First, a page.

Re puzzle #2: An practical solution with minimum math is to accept that extreme accuracy to 3 places (see my post #3 above) is probably not overly important for the dipstick markings so most of the more complex circular geometric calculations can be bypassed. The tractor-trailer driver should know the tank capacity from the owner's manual. If not, the example tank volume is pi x 0.25m^2 x 1m = 0.19635 cubic meters = 196.35 liters. Round this to 196 liters to simplify, if desired convert to U.S. or Imperial gallons.
The driver places the half-full dipstick mark at 25 cm and drives the truck until the fuel level reads half or less. He drives to the truck stop and adds just enough fuel to measure 1/2 tank on his dipstick. Then he notes the pump reading and adds exactly 49 litres or 1/4 tank more fuel according to the pump reading. The fuel level is now 3/4 tank and can be marked on the dipstick, and the 1/4 tank mark will be the same distance from center towards the bottom end of his dipstick.
Sometimes the practical approach gives results good enough for the task at hand. In this case the fuel pump itself is used as the measuring instrument to calibrate the dipstick.
MY DISCUSSION: The book's editor and some high school math teachers might believe that answer, but it is a naive interpretation of the problem, and real engineers might beg to differ. Contractors, and in particular wallpaper and carpet installers, are a lot more clever than that. The contractor would most likely place a large number of minute undulations in the ribbon, such that considerable length could be taken up without the undulations having enough amplitude to be noticed by the job inspectors. I'll bet he would get the bonus. The real engineering puzzler is then to design a plan of such tiny undulations, such as a sinusoidal ripple. Try it, and post your answer!
When I saw the puzzler in the book as a kid, it angered me, because the simplistic answer given seriously discouraged deep thinking and creativity, which after all is what we are hopefully learning in school. Instead, it promoted overly simplified smartass answers to complex problems (maybe it was intended to groom kids for political careers?) That's probably the reason I still remember it after all these years. The puzzle as presented here, by stipulating that the string be levitated over the surface, removes ambiguity from the answer, and still teaches the geometry lession, but also doesn't encourage creative thinking.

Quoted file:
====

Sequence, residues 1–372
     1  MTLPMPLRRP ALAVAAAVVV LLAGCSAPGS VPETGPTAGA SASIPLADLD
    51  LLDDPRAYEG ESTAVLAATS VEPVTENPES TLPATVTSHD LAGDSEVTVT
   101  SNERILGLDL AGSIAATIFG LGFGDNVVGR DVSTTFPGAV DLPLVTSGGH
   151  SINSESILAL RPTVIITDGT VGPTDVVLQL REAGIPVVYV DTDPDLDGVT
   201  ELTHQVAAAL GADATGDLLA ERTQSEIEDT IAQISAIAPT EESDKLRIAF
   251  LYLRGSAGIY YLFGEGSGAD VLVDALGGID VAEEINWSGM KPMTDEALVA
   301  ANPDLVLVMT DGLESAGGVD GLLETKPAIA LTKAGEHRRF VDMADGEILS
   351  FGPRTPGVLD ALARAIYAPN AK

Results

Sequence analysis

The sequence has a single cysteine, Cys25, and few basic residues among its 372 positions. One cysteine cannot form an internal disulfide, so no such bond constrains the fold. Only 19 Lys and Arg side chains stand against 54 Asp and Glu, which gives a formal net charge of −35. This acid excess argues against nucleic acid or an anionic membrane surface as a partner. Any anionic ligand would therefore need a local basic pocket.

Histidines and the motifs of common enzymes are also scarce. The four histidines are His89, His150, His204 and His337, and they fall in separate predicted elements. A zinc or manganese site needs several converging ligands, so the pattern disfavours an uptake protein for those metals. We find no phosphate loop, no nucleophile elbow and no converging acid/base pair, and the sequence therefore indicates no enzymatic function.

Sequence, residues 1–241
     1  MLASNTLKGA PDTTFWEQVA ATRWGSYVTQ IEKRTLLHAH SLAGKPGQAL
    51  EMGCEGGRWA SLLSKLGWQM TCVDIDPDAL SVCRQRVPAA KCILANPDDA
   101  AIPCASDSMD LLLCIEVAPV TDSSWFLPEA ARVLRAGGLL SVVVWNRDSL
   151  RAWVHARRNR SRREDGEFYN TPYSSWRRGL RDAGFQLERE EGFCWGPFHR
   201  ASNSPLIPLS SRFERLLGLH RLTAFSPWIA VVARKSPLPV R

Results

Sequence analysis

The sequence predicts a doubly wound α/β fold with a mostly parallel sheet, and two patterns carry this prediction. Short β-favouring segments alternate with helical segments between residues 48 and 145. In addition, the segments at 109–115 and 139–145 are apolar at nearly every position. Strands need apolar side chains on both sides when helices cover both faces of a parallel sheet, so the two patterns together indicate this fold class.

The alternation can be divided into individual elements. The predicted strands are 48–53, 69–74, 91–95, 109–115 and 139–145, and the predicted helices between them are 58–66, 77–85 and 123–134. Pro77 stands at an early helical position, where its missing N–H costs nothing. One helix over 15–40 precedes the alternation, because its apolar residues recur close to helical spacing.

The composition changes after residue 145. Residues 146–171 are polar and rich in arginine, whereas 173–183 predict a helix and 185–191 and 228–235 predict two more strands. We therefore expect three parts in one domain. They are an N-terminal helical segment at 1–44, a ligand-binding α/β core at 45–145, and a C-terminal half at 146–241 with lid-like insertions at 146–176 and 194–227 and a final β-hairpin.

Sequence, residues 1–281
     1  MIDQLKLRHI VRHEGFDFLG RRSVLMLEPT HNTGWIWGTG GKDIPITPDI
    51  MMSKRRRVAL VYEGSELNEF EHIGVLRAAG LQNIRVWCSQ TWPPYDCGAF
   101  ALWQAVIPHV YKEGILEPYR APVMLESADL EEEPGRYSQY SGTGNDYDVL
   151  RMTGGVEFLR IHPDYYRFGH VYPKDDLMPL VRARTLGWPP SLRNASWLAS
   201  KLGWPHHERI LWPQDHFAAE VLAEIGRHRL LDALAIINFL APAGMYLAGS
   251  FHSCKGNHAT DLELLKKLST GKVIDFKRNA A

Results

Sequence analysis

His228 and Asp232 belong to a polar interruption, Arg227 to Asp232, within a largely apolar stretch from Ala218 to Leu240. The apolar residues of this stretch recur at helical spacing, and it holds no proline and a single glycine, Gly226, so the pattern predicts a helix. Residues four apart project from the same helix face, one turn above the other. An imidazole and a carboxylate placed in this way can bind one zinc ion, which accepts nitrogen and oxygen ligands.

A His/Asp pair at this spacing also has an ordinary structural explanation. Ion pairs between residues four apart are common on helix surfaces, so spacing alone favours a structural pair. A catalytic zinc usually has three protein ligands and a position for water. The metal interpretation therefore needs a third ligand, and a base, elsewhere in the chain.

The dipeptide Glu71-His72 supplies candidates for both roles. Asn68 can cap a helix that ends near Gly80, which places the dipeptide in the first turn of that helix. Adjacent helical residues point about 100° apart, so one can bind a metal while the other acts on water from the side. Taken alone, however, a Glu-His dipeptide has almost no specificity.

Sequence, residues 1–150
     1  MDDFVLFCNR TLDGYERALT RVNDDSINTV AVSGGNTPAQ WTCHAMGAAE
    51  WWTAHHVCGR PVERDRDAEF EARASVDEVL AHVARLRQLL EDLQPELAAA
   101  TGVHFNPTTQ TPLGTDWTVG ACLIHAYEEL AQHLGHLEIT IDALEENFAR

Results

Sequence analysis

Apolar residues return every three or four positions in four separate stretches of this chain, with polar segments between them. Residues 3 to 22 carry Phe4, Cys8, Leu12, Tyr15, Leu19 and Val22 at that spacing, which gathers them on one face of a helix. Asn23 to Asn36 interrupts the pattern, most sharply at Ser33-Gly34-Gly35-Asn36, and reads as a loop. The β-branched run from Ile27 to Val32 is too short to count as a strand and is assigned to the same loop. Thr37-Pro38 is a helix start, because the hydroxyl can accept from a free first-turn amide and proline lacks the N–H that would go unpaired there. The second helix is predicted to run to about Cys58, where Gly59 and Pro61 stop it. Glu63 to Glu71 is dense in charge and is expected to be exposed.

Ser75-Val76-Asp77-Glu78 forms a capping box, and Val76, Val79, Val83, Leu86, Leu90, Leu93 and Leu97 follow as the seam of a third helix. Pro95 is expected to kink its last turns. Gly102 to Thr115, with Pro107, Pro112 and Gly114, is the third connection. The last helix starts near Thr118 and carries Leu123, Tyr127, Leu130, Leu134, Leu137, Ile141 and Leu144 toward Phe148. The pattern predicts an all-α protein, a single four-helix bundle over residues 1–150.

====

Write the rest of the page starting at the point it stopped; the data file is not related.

Problem #1 is a rephrasing of a slightly different statement of this puzzler that appeared in a book of science experiments and teasers that was popular decades ago when I was in high school. But the way they posed the problem then leads to a more interesting discussion:
BOOK PROBLEM: A contractor is hired to fabricate a very thin ribbon to fit around the equator of a perfectly spherical planet exactly 20 km in diameter. He is to get a bonus if he fabricates the ribbon to exactly the correct length. When the contractor installs the ribbon, he finds it is a meter too long. He remains confident that he will receive the bonus, because he believes the extra 1 meter will be easily taken up in slack along the over 60 km circumference of the planet, without anyone noticing. Does the contractor get the bonus?
BOOK ANSWER: No! To take up the 1 m slack, the ribbon would have to be held over 6 inches (15.915... cm) above the surface of the planet, all around, regardless of the size of the planet. (Curiously, the book mixed imperial and metric units, just this way.)
But is this right???
It can be done with or without calculus, but I'm pretty sure it can't be done without a numerical solver. This is because you need to solve for an unknown that is both inside and outside an arcsin function in the final equation.
If both cars left at the same time, the second will always have traveled twice as far as the first since it is moving twice as fast. Since in this problem it leaves an hour later, it will never have travled twice as far as the first car, but the ratio of distances will approach two asymptotically.
NASA's Orion Flight Software Production Systems Manager Darrel G. Raines joins Planet Analog Editor Steve Taranovich and Embedded.com Editor Max Maxfield to talk about embedded flight software used in Orion Spacecraft, part of NASA's Mars mission. Live radio show and live chat. Get your questions ready.
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